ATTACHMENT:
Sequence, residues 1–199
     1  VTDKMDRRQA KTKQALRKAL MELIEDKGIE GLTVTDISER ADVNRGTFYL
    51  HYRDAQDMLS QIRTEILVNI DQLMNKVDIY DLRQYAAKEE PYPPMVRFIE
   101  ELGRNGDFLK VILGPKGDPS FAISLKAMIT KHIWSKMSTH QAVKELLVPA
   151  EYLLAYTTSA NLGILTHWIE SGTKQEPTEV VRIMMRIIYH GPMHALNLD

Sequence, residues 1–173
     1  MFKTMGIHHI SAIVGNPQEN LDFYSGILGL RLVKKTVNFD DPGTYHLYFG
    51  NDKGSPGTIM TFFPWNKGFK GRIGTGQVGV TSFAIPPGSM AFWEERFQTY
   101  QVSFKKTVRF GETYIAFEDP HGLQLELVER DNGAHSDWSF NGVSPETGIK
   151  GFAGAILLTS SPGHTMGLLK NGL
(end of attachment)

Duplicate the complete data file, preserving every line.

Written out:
Sequence, residues 1–199
     1  VTDKMDRRQA KTKQALRKAL MELIEDKGIE GLTVTDISER ADVNRGTFYL
    51  HYRDAQDMLS QIRTEILVNI DQLMNKVDIY DLRQYAAKEE PYPPMVRFIE
   101  ELGRNGDFLK VILGPKGDPS FAISLKAMIT KHIWSKMSTH QAVKELLVPA
   151  EYLLAYTTSA NLGILTHWIE SGTKQEPTEV VRIMMRIIYH GPMHALNLD

Sequence, residues 1–173
     1  MFKTMGIHHI SAIVGNPQEN LDFYSGILGL RLVKKTVNFD DPGTYHLYFG
    51  NDKGSPGTIM TFFPWNKGFK GRIGTGQVGV TSFAIPPGSM AFWEERFQTY
   101  QVSFKKTVRF GETYIAFEDP HGLQLELVER DNGAHSDWSF NGVSPETGIK
   151  GFAGAILLTS SPGHTMGLLK NGL